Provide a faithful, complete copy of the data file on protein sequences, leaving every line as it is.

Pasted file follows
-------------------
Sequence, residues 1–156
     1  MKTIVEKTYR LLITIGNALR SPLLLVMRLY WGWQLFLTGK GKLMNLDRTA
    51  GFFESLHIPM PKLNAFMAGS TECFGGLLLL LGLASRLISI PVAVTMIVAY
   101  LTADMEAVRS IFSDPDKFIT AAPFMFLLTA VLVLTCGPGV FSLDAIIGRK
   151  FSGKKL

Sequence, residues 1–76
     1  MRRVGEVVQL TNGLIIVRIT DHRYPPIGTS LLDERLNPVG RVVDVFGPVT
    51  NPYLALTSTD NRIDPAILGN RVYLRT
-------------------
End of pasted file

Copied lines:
Sequence, residues 1–156
     1  MKTIVEKTYR LLITIGNALR SPLLLVMRLY WGWQLFLTGK GKLMNLDRTA
    51  GFFESLHIPM PKLNAFMAGS TECFGGLLLL LGLASRLISI PVAVTMIVAY
   101  LTADMEAVRS IFSDPDKFIT AAPFMFLLTA VLVLTCGPGV FSLDAIIGRK
   151  FSGKKL

Sequence, residues 1–76
     1  MRRVGEVVQL TNGLIIVRIT DHRYPPIGTS LLDERLNPVG RVVDVFGPVT
    51  NPYLALTSTD NRIDPAILGN RVYLRT